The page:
Few buyers will pay a price that reflects the development potential of a piece of land without some comfort that the necessary local authority consents are, or will be, available. That said, in some cases a buyer might be prepared to take a chance if the risk of not being able to get a satisfactory consent is low. For example, finding a plot on which to build a new house - in a desirable location - can be very difficult. Some plot hunters might be prepared to pay a development land price for a site on which there is a derelict house, on the basis that residential use has been established and so it is quite likely that planning permission will be granted for a new house.

Although the risk in this situation is low, it is still a risk as:

  • consent might not be granted at all e.g. if planning policies or development plans have changed or there are many objectors with valid objections; or
  • consent might not be granted for the buyer's preferred design, if he wants a palace of glass and steel to replace a traditional brick cottage!

In such a case, a discussion with the planning officials before you commit to buy might provide a bit more comfort.


One of the key issues for any site is access - both for construction traffic during the build and for the occupants and customers once the development has been completed.

If the site has an existing access, direct from the adopted road, that doesn't mean that nothing further is needed. The position and width of an existing access to an undeveloped site might not be suitable for the proposed development - whether from the buyer's point of view or that of the roads authority. If the existing access point has to be widened or moved to another position then "ransom strips" are sometimes a problem. By this I means strips of land that sit between the edge of the adopted road or footway and the legal boundary of the site - which strips are owned by someone else. In these circumstances, as the land cannot be developed without the buyer acquiring title to the strip (or at least rights over it), the owner of the strip sometimes demands a high price (wholly disproportionate to size of the strip compared to the extent of the development site) for his co-operation.

If the site is not beside a public road, but instead is accessed by a route that passes through someone else's land, then the buyer must check that:

  • there is an existing servitude right of vehicular access over this route
  • such existing right would be adequate for the proposed use of the site - both for the frequency of use and for the type of vehicles including construction traffic and (for commercial development) service and other HGV vehicles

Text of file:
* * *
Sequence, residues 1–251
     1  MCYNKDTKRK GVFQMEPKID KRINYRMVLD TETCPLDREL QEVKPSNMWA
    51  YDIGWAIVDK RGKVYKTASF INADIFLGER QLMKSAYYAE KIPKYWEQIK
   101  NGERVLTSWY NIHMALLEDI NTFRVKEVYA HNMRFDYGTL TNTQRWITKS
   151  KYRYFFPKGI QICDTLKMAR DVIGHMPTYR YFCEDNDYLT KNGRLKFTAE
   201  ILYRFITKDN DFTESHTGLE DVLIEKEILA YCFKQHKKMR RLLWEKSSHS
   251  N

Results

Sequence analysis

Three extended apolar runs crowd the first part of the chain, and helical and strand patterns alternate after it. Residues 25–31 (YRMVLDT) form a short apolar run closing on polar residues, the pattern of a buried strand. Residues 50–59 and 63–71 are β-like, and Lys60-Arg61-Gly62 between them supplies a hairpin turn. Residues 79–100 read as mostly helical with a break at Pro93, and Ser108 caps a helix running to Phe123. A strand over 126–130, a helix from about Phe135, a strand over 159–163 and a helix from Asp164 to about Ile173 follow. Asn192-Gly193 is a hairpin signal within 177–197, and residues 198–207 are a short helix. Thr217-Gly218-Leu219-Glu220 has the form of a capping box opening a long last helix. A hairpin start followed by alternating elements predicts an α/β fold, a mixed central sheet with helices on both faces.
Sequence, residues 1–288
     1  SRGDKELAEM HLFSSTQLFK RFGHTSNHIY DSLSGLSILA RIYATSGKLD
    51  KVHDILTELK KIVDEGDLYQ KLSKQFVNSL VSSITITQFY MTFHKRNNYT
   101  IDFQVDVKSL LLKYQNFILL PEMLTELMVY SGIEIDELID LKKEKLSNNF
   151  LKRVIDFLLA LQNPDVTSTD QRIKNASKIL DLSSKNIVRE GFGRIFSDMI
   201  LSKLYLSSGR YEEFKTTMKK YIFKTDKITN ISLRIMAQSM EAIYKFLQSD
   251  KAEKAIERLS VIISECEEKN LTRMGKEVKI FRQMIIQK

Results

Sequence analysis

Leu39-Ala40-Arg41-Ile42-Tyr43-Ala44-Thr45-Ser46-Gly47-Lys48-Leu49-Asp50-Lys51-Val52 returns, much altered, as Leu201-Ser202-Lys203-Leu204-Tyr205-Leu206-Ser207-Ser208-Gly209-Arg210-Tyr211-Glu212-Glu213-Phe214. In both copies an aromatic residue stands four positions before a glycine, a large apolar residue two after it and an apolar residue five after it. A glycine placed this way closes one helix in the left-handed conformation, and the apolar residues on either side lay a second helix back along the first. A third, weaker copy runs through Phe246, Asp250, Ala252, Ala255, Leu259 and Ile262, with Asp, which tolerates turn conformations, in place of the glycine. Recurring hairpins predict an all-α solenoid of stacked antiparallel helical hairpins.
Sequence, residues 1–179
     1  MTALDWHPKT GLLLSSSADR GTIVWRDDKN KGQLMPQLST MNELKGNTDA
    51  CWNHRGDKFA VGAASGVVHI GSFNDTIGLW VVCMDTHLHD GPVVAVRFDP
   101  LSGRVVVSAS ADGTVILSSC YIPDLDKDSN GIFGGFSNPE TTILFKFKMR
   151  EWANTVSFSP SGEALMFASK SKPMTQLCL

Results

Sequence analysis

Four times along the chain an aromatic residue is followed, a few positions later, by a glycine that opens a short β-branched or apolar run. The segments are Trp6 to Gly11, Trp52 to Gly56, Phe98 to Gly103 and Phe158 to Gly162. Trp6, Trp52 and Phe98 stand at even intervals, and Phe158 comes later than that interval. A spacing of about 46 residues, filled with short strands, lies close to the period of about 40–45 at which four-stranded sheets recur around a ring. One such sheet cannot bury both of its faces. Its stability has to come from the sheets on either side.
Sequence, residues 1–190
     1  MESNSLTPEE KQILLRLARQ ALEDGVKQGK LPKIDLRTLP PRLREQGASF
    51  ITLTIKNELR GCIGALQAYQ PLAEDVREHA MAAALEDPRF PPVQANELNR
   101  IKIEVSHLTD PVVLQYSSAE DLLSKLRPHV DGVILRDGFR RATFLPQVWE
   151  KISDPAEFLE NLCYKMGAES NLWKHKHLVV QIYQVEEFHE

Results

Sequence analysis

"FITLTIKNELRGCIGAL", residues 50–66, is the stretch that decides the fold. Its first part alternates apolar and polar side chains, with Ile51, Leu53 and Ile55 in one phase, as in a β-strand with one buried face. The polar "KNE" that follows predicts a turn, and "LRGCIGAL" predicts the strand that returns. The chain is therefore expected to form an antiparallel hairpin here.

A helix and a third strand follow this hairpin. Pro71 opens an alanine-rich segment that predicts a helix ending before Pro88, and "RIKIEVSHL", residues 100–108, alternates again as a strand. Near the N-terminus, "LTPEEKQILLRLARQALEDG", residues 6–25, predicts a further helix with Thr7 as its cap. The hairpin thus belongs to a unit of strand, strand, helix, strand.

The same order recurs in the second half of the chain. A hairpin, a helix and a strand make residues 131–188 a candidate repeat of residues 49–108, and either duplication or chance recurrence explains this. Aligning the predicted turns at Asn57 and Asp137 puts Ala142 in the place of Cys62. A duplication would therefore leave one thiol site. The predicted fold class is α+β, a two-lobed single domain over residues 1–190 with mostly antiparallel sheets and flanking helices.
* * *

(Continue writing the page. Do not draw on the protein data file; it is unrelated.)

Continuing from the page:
• the buyer would have the right to improve and (if necessary) widen the road and
  • the local authority planners would consider the route to be adequate.

Let's look at the example of a rural site, which has always been used as a field, that benefits from a right to take access to the site, with tractors, over a route through neighbouring land. Such a right might be sufficient to include other large vehicles. As to frequency, it might also be adequate for a single house - which would not have too many vehicle movements each day. However, it is very unlikely to be usable for access to a commercial development that involves much more frequent and sustained traffic, such as a retail or office development - for the reason that such use was not contemplated at the time the existing access right was granted. The right to improve the surface of the road might be implied but it is less likely that the buyer would have the right to widen the existing route without the consent of the owner of it.

If there is no existing access then the buyer needs to be sure that it will have legal rights to form and use an access that links to a public road. Unless the buyer intends to implement an existing planning consent for the site, this is likely to mean that the purchase contract will have to be conditional on planning and roads construction consent being obtained - so that the buyer can be sure that it gets permission to build the route over land that it owns or over which it has appropriate rights.

To be continued…..

If you would like to discuss these issues further, please contact our Real Estate team.